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Crossover SUVs are the hottest segment. Fuel-efficient crossovers are even more desirable in the current market. During the peak of coronavirus (COVID-19), the ADM (additional dealer markup) was $10k-$15k for most hybrids and, occasionally, even more than that for plug-in hybrid (PHEV) crossovers. On top of higher markups than their sedan counterparts, crossovers tend to be more expensive right out of the gate. These five crossovers on iSeeCars’ list of the most affordable crossovers happen to be efficient and very cheap. The most expensive car on this list only comes at $21,990. 

The Hyundai Venue is the cheapest 

A gray 2023 Hyundai Venue subcompact SUV model on the top of a parking structure
2023 Hyundai Venue | Hyundai Motor Company

The Hyundai Venue is slow as molasses. It isn’t particularly luxurious even in its top trim, but it’s cheap, spacious for its class, and quite efficient. Despite prices coming back down, new cars are still absolutely bonkers expensive. The Venue starts at only $19,500. It isn’t the cheapest vehicle on the market but it is the most affordable crossover money can buy, reports iSeeCars. Even the fully loaded “Limited” trim starts at $22,750 before destination and fees.

For your money, you get a 1.6L four-cylinder engine that makes a measly 121 horsepower, a continuously variable transmission, and front-wheel drive. Unfortunately, FWD is your only option, so if you happen to live in Denver, you may want to opt for one of the other vehicles on this list. That said, you get a very spacious interior and 18.7 cu ft of cargo space. The little engine isn’t powerful, but it does return 29 mpg in the city and 33 mpg on the highway, making it one of the most efficient cars on the list.

The Nissan Kicks has the most cargo space

The Nissan Kicks’ party piece is its 25.3 cu ft of cargo space. For a tiny crossover, the Kicks provides a ton of room for your belongings and beats out the next biggest by nearly 4 cu. ft. However, unsurprisingly, like the Venue, the Kicks is slow and underpowered.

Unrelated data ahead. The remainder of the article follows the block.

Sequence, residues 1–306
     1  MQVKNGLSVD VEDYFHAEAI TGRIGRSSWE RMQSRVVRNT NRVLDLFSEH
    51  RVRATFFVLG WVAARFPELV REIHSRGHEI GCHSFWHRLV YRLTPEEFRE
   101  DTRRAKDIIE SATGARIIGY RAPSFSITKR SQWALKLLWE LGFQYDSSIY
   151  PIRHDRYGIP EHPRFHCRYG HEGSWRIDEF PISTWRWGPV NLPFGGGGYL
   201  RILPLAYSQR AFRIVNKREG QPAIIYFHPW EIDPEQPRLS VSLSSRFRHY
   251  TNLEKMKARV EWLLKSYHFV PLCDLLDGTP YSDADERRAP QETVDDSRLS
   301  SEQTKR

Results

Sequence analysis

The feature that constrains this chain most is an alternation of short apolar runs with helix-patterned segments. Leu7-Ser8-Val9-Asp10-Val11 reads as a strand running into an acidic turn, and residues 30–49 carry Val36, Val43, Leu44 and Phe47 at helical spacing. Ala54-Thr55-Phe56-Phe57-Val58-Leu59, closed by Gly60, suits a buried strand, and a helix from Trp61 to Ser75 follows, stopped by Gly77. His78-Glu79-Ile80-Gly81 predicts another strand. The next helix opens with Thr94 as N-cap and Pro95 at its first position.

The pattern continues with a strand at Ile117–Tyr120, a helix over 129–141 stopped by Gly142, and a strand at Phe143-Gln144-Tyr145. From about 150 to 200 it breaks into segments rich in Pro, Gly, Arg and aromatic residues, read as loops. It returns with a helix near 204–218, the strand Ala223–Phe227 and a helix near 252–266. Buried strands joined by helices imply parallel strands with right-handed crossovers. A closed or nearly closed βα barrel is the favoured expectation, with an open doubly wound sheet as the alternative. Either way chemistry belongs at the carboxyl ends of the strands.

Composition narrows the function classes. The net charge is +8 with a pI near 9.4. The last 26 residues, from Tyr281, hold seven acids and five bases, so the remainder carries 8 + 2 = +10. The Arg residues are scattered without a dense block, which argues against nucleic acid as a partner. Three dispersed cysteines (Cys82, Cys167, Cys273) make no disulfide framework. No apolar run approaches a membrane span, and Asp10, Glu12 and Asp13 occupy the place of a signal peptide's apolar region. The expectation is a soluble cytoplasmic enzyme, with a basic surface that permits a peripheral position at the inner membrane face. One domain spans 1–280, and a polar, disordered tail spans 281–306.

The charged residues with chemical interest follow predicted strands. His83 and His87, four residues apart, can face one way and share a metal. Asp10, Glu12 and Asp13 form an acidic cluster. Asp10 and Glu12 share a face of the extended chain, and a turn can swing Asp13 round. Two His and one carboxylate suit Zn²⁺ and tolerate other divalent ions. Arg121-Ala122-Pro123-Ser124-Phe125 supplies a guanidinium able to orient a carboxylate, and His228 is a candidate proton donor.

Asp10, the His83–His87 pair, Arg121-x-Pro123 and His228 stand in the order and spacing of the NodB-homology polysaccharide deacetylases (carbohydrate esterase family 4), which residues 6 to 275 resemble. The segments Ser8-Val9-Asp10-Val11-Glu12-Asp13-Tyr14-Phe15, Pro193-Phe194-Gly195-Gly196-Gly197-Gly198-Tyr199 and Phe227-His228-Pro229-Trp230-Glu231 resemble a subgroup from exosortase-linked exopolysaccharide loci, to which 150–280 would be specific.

Each trim is only available with a 1.6L four-cylinder making—wait for it—1 more horsepower than the Venue with 122 hp, reports Car and Driver. That power is sent only to the front wheels through a CVT. It’s worth noting that these cars are not intended to be powerful but cheap and efficient. The Kicks certainly fulfills those criteria as it’s the most efficient vehicle on the list, with an EPA rating of 31 mpg in the city and 36 mpg on the highway. The Kicks also comes with Apple Carplay and Android Auto, even on its base trim.

The Chevrolet Trax is a bit basic

First and foremost, the Chevy Trax is affordable. The base LT trim starts at $22,895, and the top LS trim is at $24,695. Unfortunately, the base trim does not come with some features that should be standard. Cruise control is the main feature missing from the base trim, which in 2023 is pretty unacceptable. Thankfully, the Trax does come standard with a 7-inch touchscreen with Apple Carplay and Android Auto integration.

With respect to powertrain, the Trax has a 1.4L turbocharged four-cylinder engine making a healthy 155 hp and sending power through a six-speed automatic transmission. Regarding fuel efficiency, the Trax lags behind the pack with 23 mpg in the city and 30 mpg on the highway with AWD, and 24 mpg in the city and 32 mpg on the highway with FWD, reports Car and Driver. Car and Driver also finds that the Trax offers less in the way of standard features than its rivals.

The Mitsubishi Outlander Sport is an old crossover

Although affordable at $22,995, the Mitsubishi Outlander Sport has languished on the market since 2011. Sure, it was facelifted for the 2020 model year, but the powertrain and tech are behind the times. The Outlander Sport, unlike the previous entries, has two engine options. A 2.0L four-cylinder makes 148 hp, and a 2.4L makes 168 hp, reports Car and Driver. Despite the healthy power numbers, the Mitsubishi only manages 23 mpg in the city and 29 mpg on the highway for the 2.0L, and 23 mpg in the city and 28 on the highway for the optional 2.4L—not great for those looking for efficiency.

Where the Outlander Sport shines is with its standard all-wheel drive. Most crossover shoppers are looking for AWD, so seeing it as standard is nice. Despite the lackluster interior and aging platform, the Outlander Sport is cheap and reliable. It’s just hard to compete with some of the other entries on this list.

The Hyundai Kona is a great all-around option

Are you looking for cheap and efficient? The Hyundai Kona starts at only $22,140 for the well-equipped SE trim and manages 30 mpg in the city and 35 mpg on the highway for FWD models. That said, AWD is available for an additional $1500 and only carries a 2 mpg penalty for city and highway driving. Additionally, the Kona comes with a great selection of standard features, including smartphone connectivity, an 8-inch touchscreen, and a forward collision detection system.

The Kona’s base engine is a 147 hp 2.0L four-cylinder, but the N-Line and Limited trims come with a potent 1.6L turbocharged option that makes an impressive 195 hp and only drops 1 mpg in the city compared with the base engine. The Kona is a solid car and, like the Venue, comes with Hyundai’s excellent powertrain warranty. 

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